Power of entry proposals supported by BASW Cymru
Social workers should be given more power to enter the homes of vulnerable adults who they suspect are being abused or neglected, BASW Cymru said.
The association has welcomed proposals being discussed by the Welsh government in the Social Services and Well-being Bill that could lead to changes to the law in Wales.
Similar measures are also currently being consulted in England under the government’s Care and Support Bill and increased powers to enter property have already been introduced in Scotland.
BASW Cymru manager Robin Moulster said: “BASW Cymru welcomes the proposals by the Welsh Government to enhance the powers of social workers so they can more effectively support vulnerable adults who are possibly being abused or neglected.
“New powers introduced through the Social Services and Well-being (Wales) Act to enter premises will be helpful in accessing and protecting those vulnerable people sooner.”
If the new laws are introduced in Wales and England, it will allow social workers to apply to the courts to enter homes and speak to people suspected of being harmed.
They would also prevent other family members or carers from preventing access to vulnerable adults.
Such powers are already available with children suspected of being abused and Welsh deputy social services minister Gwenda Thomas is keen for them to be extended to adults.
Ms Thomas said: "I do not underestimate the complexity of these proposals but I've been reassured by the overwhelming support for our plan to develop a legal framework to protect adults at risk.
"Introducing powers of intervention will ensure the most vulnerable members of our society are protected.”
Although broadly welcoming the proposals, BASW England warned that new powers of entry should only “be a tool to use rarely in a very few scenarios”.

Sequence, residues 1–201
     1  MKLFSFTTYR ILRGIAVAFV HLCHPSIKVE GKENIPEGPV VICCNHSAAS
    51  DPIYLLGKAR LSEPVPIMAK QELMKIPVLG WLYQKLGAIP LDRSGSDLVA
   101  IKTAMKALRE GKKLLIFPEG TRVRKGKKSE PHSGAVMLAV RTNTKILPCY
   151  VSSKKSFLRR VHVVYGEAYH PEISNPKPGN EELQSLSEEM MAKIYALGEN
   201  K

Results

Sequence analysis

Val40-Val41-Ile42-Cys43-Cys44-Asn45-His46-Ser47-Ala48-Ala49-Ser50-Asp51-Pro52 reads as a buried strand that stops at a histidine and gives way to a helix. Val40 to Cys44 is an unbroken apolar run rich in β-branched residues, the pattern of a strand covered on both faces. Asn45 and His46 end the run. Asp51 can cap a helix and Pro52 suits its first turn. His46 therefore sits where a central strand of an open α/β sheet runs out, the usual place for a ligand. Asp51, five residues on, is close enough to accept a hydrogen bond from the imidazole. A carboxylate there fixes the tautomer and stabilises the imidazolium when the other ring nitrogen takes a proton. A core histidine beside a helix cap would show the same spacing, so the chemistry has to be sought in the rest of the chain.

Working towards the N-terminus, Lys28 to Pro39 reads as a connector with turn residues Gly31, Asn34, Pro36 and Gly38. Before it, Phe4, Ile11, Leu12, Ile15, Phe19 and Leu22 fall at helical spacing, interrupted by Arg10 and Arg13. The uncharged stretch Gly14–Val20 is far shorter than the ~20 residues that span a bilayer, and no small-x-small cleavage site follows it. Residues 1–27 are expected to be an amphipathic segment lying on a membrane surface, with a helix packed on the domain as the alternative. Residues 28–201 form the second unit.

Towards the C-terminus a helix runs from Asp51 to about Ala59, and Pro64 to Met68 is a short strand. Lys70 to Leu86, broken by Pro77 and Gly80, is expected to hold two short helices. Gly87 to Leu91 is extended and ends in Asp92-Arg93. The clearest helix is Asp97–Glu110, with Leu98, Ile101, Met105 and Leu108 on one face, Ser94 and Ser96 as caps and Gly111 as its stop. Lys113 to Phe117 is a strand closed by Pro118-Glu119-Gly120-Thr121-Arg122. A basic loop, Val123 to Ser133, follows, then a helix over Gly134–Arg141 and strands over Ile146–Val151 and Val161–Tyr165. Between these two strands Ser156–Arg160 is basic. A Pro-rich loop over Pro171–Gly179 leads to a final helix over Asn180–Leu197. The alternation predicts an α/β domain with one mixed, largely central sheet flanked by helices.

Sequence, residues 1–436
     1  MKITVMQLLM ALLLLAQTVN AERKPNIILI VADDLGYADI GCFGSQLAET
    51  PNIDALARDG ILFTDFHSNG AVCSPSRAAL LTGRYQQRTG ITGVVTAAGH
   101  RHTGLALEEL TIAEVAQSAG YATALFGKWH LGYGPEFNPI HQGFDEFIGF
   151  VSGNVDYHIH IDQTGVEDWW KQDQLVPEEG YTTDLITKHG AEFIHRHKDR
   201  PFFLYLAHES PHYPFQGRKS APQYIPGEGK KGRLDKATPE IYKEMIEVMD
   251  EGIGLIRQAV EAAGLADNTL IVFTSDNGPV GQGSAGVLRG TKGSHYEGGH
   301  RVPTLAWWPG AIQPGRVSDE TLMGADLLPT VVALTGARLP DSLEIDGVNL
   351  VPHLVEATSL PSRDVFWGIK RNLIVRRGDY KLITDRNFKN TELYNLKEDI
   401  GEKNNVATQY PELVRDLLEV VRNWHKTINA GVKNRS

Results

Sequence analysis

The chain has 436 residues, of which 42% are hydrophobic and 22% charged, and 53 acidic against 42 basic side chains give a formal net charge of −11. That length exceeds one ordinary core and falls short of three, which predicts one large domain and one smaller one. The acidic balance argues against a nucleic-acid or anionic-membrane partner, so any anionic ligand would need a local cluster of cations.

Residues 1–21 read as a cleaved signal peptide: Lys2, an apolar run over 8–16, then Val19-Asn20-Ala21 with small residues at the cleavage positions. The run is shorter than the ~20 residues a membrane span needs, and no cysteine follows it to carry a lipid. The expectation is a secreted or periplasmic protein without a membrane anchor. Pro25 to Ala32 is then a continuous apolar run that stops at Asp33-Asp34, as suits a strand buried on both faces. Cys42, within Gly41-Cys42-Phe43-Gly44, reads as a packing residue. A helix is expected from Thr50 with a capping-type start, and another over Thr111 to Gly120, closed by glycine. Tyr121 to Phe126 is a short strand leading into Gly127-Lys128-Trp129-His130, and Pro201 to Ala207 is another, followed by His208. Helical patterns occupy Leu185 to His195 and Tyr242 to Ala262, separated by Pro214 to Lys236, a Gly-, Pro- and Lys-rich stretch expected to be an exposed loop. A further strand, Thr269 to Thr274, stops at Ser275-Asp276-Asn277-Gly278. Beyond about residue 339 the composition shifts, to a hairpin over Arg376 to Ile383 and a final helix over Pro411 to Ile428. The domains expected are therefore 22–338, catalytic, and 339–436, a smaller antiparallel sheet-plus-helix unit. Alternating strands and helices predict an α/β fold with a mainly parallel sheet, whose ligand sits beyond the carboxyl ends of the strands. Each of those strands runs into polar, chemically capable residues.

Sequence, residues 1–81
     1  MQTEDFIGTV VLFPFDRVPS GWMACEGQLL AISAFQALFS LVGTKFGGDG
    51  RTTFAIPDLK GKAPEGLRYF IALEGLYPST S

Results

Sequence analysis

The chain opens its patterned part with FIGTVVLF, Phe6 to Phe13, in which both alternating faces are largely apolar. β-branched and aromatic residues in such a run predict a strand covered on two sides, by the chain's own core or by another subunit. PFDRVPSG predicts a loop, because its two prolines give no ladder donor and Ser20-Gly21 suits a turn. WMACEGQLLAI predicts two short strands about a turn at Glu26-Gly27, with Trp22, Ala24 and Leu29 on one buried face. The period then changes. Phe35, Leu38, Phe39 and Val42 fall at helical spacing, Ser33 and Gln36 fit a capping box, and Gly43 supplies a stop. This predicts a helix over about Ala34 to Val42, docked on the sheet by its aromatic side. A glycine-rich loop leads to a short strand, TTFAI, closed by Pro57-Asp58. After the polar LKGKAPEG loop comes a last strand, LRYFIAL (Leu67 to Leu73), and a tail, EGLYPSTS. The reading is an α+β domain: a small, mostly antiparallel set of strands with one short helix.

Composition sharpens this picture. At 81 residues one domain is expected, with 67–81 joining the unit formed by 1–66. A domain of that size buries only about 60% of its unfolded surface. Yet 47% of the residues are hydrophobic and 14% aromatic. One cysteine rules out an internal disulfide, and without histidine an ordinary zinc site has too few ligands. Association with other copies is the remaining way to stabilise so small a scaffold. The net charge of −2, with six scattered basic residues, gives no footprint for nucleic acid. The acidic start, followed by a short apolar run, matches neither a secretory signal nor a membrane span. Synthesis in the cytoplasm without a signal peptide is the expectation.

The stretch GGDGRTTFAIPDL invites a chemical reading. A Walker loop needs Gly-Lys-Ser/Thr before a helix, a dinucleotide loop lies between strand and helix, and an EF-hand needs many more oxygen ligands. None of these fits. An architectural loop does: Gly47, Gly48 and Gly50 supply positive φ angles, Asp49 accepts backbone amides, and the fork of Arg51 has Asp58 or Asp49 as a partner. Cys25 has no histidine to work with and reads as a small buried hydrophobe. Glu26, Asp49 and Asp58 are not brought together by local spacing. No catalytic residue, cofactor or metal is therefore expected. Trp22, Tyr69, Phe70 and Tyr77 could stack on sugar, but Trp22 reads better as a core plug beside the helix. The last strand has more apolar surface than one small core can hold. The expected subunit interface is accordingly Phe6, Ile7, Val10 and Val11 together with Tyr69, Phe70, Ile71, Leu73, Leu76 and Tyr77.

Ruth Cartwright, BASW England manager, said: “A new power of entry could have a negative impact as another element of a defensive and paternalistic safeguarding culture.
“Also, it must not be seen as a reason not to make intensive efforts to work with families and should not erode professional competent practice.”
However, Ruth Stark, manager of the Scottish Association of Social Work, said this was not the experience in Scotland where the Scottish Parliament granted new powers of entry in 2007.
“What the legislation has achieved in the very small number of cases in which it has been used is to go beyond that closed door when concerns have been raised,” she said.
BASW professional officer Joe Godden urged caution and said the full implications of introducing new powers of entry needed to be properly discussed.
“The debate that has occurred within BASW demonstrates the complexities of the situation, the ability of social workers to consider the unintended consequences of what can seem as worthwhile changes to legislation.
“It is essential that social workers engage with the Bill and use their voice to debate the details of the proposals.”